Oh, wow. I was re-gifted one of these in about 1987 or so, right around the time I was going into primary school. It had no manual with it, and some of the button labels were missing. I remember playing around with it for hours a day, weeks on end. I remember finally figuring out only about half the modes, probably limited by my childhood ignorance of standard game rules. Still, at it's heart, it was a simple computer with a few binary inputs and a few binary outputs. I can probably credit that device with launching an entire lifetime of experimenting, fiddling, tweaking, hacking, and documenting. Thank you, Bob.
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Pitchforks. Torches. More effective than phone calls.
Check out the PDroid project. It can patch any rom and will let you select on a by-app, by-API basis whether to provide real data, spoofed data, or no data.
There is votingforjudges.org, which is a great start.
Wish I could help more for other states!
Voted today in Washington state. Well, "today" is a misleading word.
I got my ballot weeks ago, spent about 12 full hours doing research with the provided ~100pg guide and an additional ~200 google searches. Carefully considered each vote, filled in the ovals (or abstained where appropriate), sealed her up, and dropped her off at a dropbox today.
I wish more states worked this way. I shudder to think the number of folks in walk-up-and-vote states that go on a whim, punch the name of a person they've seen on a commercial, and never give it another thought.
It's pretty simple: if SMS is point-to-point, Twitter is broadcast.
Provided you are sane and use a protected account, it's part microblog and part one-to-many SMS. Most folk I know have 25-50 'friends' and it is a heck of a lot easier to tweet "pub at 16:30!" than to text each one individually. Bonus points for being able to stay connected with friends in other states on a day-to-day basis in near real-time.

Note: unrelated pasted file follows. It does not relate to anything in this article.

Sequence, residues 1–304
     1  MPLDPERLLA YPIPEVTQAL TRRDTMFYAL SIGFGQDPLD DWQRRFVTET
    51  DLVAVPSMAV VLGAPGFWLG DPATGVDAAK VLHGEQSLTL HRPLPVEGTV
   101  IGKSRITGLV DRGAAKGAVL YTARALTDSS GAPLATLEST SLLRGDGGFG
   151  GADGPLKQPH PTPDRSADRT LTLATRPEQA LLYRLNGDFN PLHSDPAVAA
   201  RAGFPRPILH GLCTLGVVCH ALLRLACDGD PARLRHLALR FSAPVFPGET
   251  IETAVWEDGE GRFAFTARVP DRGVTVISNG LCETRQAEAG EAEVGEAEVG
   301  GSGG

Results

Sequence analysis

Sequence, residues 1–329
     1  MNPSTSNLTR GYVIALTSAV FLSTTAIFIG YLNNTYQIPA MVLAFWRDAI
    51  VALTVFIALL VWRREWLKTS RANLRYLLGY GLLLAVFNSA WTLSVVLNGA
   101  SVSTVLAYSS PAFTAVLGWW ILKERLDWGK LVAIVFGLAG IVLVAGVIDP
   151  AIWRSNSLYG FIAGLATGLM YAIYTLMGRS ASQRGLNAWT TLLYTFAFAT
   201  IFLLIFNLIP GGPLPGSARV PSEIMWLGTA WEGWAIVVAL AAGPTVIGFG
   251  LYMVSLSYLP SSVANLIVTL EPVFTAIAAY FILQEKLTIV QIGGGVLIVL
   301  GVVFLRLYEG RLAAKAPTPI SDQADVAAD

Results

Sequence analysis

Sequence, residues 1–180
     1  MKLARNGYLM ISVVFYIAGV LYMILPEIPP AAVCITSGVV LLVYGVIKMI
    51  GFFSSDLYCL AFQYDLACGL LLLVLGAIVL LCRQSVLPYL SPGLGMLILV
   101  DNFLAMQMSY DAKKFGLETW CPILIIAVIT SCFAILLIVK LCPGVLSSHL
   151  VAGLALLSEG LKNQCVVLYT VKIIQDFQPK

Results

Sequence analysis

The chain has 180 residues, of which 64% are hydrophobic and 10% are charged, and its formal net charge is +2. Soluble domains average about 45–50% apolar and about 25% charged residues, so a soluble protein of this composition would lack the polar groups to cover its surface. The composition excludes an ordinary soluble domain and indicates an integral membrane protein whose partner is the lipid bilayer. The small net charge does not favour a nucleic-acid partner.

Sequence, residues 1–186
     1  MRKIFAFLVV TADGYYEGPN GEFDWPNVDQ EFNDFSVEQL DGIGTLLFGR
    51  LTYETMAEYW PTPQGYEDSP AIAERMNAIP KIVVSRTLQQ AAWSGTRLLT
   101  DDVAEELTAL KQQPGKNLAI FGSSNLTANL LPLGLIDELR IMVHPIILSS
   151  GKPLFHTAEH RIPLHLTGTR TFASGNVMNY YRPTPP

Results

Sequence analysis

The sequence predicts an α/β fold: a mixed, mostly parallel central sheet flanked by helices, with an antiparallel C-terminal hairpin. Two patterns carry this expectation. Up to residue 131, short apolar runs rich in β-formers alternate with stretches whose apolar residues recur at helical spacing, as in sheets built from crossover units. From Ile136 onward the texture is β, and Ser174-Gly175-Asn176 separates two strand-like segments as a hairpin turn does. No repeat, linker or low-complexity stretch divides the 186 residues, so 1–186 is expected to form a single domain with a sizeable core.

Now the whole business about having an open account and/or following people you don't personally know? Yeah, I don't get that either.
Doesn't EC2 let you request hosts in any of several particular datacentres (which they call an "availability zones") just so you can plan around such location-specific catastrophes? No matter how good the redundant systems, some day a meteor will hit one datacentre and you'll be S.O.L. no matter what if you put all your proverbial eggs in that basket.
Only a fool cares about a single-datacentre outage. This is why it's called "*distributed*-systems engineering", folks.
John Spartan, you have been fined one credit for violation of the Verbal Morality Statute.
If you debunk a debunker, don't you just get back to the net-zero result?
The terrorists have won.
No, the government has won
You say po-tay-to, I say po-tah-to . . .
Can this "feature" (of Android?) be modified in software since this is open source, and since WiFi hardware is so clearly present?
Absolutely. Earlier android phones (the Dream and Magic and others) have well-known solutions for operating without an active SIM. The Nexus One is only 3 days old, so it might still need some work, but unlike the earlier locked-down hardware, the N1 is not only open-source, you don't have to "crack" it to replace the firmware.
The XDA forums contain all the info you could ever want about the topic. (http://forum.xda-developers.com/ )
It's also one more reason why I won't use Android, despite how good it is. I already use too many Google services. I don't need them to know even more about me than they already do.
What kinda weak FUD is this? It's a linux system on which you can gain root access with fair ease! You can packetsniff, block traffic, and swap out whatever bits of the OS you want. If the Big G were spying on you as such, you would not only know, you could do whatever you like about it.